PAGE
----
The Domino Effect

I’ve previously written about failure, but it’s only a nod to Gary’s lead. Imagine the universe sets up all the failures that we will ever encounter, side by side, waiting for us to run into them. Most people knock them over one at a time like it was a $2 shooting game at the county fair. But not Gary Vaynerchuk. He learned to line all of his up like dominoes and run full-speed into the first one. With every failure, he learns, innovates, adapts and moves on. He doesn’t just fail, he achieves failure.

His resilience is borderline uncanny – he accepts changes without complaining, mostly because that just wastes precious time that could be the critical difference between first and second place.

What I take away from him, on the most basic level, is consistency. As a leader in his field (which actually seems like a dozen industries), he keeps his message the same: watch, learn, execute, repeat. Then he adapts the message to the listener. Between videos, podcasts, keynotes, and blog posts, I’ve heard/watched/read the same passion expressed in over 50 different ways. That’s a lesson for any leader at any stage.

Go After It

If I’m being brutally honest, sometimes I go a couple weeks at a time without looking at any of his content. Between all his platforms, he puts out a lot of it. A LOT. So why do I disconnect at times? Essentially, there are two reasons, one positive, one negative, that I skip out on Mr. Vee for a bit.

  • Positive: His message is ingrained in my mind and in my work ethic. I’ve been consuming it for six years. Instead of listening to another keynote or reading another blog post, I know I need to get off my ass and go execute. In Gary’s words, “I have no interest in what you’re gonna do. Every person I’ve ever met has told me they’re ‘gonna.’ Forget gonna, just do.” Put simply, I stop listening and go do.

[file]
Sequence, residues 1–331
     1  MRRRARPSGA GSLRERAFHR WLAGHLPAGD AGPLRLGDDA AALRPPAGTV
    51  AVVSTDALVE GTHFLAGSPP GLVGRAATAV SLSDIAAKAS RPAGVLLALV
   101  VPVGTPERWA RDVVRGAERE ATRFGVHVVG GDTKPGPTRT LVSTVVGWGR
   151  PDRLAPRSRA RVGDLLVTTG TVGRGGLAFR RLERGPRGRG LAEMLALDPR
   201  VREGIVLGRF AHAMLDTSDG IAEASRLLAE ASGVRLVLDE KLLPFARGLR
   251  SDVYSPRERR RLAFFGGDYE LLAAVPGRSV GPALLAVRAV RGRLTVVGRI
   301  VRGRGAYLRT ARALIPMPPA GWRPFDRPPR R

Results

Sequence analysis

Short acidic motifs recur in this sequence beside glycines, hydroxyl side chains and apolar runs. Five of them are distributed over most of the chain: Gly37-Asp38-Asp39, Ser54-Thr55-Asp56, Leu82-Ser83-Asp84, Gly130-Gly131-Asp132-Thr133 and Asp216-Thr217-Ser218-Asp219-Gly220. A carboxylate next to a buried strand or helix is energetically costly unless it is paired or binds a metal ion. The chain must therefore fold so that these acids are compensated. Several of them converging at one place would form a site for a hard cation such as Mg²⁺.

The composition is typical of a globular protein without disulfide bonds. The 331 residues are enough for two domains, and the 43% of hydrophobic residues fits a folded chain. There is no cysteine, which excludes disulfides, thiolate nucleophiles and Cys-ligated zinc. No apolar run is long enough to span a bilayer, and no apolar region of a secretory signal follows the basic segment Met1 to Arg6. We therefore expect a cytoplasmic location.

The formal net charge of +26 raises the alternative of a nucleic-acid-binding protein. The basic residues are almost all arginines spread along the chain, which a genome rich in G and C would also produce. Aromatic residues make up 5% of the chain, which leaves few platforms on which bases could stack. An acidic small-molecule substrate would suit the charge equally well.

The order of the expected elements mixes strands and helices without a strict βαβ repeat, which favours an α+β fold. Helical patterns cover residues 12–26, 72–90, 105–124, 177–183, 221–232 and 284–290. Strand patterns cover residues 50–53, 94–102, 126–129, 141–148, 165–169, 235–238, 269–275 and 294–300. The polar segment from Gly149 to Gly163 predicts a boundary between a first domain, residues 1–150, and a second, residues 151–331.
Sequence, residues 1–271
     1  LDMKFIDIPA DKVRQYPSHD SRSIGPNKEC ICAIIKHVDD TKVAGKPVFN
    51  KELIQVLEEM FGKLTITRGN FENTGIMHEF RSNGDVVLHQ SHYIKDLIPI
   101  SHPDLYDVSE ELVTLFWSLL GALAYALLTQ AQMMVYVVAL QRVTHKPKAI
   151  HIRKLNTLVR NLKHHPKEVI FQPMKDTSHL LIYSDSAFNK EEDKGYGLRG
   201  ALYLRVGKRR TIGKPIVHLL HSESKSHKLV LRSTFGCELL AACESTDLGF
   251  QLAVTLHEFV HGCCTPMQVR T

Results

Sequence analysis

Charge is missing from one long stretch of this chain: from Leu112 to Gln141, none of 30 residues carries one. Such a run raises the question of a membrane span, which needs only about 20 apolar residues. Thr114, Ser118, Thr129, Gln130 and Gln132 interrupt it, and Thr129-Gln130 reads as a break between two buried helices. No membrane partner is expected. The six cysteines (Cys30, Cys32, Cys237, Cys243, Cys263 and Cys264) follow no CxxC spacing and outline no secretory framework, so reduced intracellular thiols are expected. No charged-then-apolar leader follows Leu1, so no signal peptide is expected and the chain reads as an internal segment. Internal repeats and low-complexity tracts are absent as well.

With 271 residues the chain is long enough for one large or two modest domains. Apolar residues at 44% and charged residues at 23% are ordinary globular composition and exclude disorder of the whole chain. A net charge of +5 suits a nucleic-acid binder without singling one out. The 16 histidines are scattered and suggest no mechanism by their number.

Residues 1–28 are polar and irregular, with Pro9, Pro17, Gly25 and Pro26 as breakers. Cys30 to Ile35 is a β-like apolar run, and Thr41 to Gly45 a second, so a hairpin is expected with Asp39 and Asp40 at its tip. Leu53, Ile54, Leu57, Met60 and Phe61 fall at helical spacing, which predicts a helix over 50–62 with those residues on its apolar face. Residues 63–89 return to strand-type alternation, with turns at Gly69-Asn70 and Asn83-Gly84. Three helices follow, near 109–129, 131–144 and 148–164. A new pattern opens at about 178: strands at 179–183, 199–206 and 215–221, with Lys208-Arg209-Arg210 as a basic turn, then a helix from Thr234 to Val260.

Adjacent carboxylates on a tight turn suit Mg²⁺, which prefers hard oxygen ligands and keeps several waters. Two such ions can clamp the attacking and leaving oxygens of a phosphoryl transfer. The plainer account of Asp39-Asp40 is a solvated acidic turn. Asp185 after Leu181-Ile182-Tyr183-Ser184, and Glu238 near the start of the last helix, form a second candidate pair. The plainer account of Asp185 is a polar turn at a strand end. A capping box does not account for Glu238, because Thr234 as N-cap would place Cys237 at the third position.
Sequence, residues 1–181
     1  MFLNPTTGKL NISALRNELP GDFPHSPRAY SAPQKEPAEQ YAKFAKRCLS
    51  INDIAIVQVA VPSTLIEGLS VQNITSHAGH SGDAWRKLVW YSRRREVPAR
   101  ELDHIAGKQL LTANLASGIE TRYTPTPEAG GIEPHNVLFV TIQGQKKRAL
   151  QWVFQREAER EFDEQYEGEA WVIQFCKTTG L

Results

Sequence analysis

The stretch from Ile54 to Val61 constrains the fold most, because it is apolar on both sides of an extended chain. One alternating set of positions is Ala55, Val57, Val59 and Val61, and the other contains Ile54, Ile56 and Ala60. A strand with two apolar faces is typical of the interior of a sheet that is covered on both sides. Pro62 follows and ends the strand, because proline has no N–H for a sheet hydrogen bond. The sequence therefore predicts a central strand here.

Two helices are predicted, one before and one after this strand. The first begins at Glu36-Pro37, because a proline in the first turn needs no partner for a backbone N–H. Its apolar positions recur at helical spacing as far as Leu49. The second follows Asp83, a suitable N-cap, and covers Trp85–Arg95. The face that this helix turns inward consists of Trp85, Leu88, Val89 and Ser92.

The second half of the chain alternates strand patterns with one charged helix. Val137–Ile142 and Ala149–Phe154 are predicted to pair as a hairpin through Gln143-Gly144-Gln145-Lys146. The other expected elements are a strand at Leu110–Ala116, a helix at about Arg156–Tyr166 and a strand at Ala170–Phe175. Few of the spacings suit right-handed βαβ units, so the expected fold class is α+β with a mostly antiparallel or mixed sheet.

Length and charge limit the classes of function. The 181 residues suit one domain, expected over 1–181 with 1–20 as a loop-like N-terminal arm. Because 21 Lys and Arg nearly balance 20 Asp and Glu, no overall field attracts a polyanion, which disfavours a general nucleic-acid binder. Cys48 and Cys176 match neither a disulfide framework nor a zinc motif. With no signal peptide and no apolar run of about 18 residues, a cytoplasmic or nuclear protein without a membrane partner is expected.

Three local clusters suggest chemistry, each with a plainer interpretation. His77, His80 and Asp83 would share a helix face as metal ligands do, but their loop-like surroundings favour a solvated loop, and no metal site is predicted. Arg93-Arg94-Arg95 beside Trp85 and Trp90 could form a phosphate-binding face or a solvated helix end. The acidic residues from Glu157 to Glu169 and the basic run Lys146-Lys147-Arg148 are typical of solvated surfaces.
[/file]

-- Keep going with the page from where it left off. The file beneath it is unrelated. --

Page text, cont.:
• Negative: I give myself a dumb excuse(s) about why I’m not accomplishing something. Usually it’s an external locus of control (Wait, what?). That’s when I blame results on things out of my control instead of taking responsibility. I know Gary, though having never met me, is going to call me out on my bullshit. When a guy worth several million tells you, through a screen, exactly what your problem is, you shut up and listen.

Same Message, Different Delivery

I hear people ask him questions over and over (and over), and many of them seem to be some variation of “…but what about me?” His message is always clear and focused: There is no yellow brick road laid out for anyone, so pull out a machete and get to cutting your own way through the field. And if you don’t have a machete, go to Marshalls, find the arbitrage, make a profit, and repeat until you can afford to buy a machete.

When I begin making excuses, I remind myself of Gary’s message: I am not different. If I can’t see a way to make it work, I will fail like everyone else who couldn’t figure it out either.

This is, by far, my favorite video from Gary Vaynerchuk. Watch him discuss the ridiculous notion that he somehow “made it” overnight: [Spoiler alert: He didn’t]

Photo credits: @garyvee on Twitter